Giving up, I ordered my drunken friend to exit the car. He stood on the sidewalk, weaving slightly, occasionally muttering “Whoa. Weird.” as I attempted to simultaneously dial 911 while salvaging things from my vehicle. I asked him to go get some trash bags from his house, because as luck would have it, I had about three thousand cubic meters of laundry in the trunk of my car. When I finally got through to the 911 operator, I tried to sound a lot more reasonable than I felt. It didn’t help that the operator who directed my call to the fire department sounded more shook up than I did. The call went somewhat along these lines:
“911, What is your emergency?”
“Um, I’m over here at ***** Cherry Ave in Long Beach, on the north side of the street. Uh, I think I need the fire department. My car is kind of on fire.”
“Ohmigosh. Wow. Wow. That’s not good. Uh….. Hold on. Wow. I’ll connect you.”
See what I mean? I was nervous beforehand, but once I finished listening to her freak out on my behalf, I kind of got even more nervous.
By the time the fire department rolled up I had finished grabbing all of the necessary items from inside the car, and had moved onto emptying out the trunk of my car onto an unknown neighbor’s lawn. I’m sure it looked absolutely terrible. The Volvo could actually fit an astonishing amount of items in its trunk, and I had that trunk PACKED. I had almost all of my clothing in smashed back there in the form of clean laundry, several pairs of shoes, several boxes of books and various items that had been meaning to find their way down to goodwill (but, in reality, had been simply living in my trunk for almost a month), a backpack, a blanket, a laptop, a bridle, and, of course, a box of tampons that proceeded to jump out and announce their presence to every one who walked by. I mean, I kept trying to put those things deep inside a bag, but every time I turned around it would jump out on the sidewalk, wave it’s little pastel-blue arms, and holler, “Lookatme! Lookatme! Hey, you! Cute fireman dude! Trip over me and look down! YEAH! YEAH! That’s right. See that girl over there? She’s one of those. Yeah. She’s one of those menstruating-type girls. Isn’t that gross?”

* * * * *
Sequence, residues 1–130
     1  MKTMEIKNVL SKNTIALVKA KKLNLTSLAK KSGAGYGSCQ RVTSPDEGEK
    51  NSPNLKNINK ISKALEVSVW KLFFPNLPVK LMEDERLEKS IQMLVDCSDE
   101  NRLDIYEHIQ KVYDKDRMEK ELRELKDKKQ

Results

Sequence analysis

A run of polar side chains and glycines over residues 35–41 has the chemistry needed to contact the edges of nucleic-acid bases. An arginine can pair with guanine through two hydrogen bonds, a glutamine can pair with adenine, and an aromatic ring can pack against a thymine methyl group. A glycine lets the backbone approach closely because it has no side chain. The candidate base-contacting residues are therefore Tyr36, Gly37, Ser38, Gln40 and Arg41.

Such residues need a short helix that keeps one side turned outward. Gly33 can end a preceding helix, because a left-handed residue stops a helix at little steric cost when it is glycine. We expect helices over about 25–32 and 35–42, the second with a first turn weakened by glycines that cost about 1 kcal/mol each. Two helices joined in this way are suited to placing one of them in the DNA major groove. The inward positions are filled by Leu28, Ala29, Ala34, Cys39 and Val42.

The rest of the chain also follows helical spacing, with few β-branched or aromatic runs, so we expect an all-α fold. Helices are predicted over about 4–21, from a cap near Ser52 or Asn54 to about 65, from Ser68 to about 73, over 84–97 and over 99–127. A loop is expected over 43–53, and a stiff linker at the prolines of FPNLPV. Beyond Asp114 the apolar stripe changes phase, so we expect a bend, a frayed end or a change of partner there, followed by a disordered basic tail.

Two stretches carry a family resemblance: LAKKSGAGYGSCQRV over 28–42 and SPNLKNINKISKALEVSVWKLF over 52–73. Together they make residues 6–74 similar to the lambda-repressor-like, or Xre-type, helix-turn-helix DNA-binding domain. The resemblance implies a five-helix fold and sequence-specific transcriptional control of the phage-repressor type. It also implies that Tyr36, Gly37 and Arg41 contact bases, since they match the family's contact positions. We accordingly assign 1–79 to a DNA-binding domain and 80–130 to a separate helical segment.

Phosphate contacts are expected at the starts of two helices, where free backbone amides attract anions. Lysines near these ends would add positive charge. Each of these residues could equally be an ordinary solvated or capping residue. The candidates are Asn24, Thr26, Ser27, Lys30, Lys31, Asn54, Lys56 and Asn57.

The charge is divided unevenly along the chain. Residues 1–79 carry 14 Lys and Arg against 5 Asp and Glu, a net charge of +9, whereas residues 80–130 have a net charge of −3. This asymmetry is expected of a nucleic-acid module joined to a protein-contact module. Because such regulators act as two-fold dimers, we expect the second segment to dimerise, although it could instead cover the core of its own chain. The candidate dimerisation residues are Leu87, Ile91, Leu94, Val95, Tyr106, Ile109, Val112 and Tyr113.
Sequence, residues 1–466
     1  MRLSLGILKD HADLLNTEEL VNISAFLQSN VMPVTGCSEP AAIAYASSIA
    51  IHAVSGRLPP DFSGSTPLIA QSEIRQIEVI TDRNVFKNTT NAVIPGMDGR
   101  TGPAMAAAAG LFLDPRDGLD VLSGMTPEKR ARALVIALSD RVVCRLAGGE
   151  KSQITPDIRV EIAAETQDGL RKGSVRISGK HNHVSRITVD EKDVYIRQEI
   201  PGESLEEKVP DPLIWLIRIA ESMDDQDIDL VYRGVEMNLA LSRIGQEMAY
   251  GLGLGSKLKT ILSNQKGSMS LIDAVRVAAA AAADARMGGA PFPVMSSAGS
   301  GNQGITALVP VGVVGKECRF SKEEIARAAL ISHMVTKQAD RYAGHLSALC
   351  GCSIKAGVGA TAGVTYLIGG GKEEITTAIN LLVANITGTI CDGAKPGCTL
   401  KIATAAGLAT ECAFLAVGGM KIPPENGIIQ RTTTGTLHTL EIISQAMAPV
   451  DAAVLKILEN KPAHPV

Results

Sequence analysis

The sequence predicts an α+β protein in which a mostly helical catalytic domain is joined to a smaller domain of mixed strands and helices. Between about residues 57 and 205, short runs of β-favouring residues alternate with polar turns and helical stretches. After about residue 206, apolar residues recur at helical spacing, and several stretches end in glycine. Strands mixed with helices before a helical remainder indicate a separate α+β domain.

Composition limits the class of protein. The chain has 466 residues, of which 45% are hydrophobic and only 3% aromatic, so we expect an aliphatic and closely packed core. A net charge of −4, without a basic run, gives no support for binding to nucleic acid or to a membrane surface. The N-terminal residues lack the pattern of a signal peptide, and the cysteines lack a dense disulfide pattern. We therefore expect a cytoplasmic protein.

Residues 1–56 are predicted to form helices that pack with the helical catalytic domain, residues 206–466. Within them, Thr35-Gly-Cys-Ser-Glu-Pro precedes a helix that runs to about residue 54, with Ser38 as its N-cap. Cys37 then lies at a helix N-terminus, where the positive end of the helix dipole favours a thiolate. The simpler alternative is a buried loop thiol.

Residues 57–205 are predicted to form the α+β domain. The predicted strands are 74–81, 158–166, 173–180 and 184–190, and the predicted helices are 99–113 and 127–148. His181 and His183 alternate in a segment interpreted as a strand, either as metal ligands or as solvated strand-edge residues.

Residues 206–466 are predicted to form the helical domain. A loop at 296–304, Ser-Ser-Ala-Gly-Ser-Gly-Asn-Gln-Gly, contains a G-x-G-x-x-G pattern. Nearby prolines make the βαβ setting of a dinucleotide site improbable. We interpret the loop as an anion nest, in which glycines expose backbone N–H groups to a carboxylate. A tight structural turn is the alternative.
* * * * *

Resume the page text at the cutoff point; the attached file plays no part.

I hate that box of tampons. I’ll never forgive it.
Anyways, by the time the fire department arrived, I had a mound of items sitting on the lawn beside my dilapidated, burning vehicle. I, of course, was not looking my best, having just gotten off of a nine hour shift at work. Between the state of the vehicle and the amount of stuff I had sitting beside it, I probably looked like I lived out of my vehicle. Oh, well. The firemen marched up to the car (which by this point had flames licking up the sides of the windows) and immediately started coating it in mounds of white foam. My drunken friend returned with trash bags, took one look at the flames, fireman, and foam, and shook his head. “Whoa. I, like, went in to get trash bags, and came back and the car is totally on fire. Weird.”
If I had been a little less frantic, I would have completely agreed with him. The whole experience was very surreal.
It didn’t take very long to put out the fire. They pried the dashboard off the vehicle, coated the inside of the engine with the foam, and then proceeded use the blunt ends of their axes to bash around inside the engine block to knock loose any embers. There was something rather practiced in the way they all went about it, as if they’d done it thousands of times before. Their nonchalance helped me retain my sanity (if not my dignity).
Anyhow, that’s my story. I thanked the fire department for demolishing my vehicle, lugged my bags ‘n bags of stuff into my drunken friend’s house, and spent the night on his sofa. Thankfully he didn’t turn out to be a murderer or a rapist, and was really quite chivalrous about the whole thing. I got up in the morning, took a bus back to my house, borrowed a car to return to the scene of the crime, and snapped a few photos of the dashboard before arranging to have Little Miss Redneck towed. Here are photos from the morning after:
Oh, and one last thing… did I mention that the police department ticketed me for having my rear bumper extending into an alley? Yeah. How nice was that? How could they not notice the blackened/charred interior of my car? Sheesh.
Anyways, that’s my story. I miss my car, but I guess it’s a fairly romantic way for a car to end it all. Here’s a photo of Little Miss Redneck I took on the day I bought her.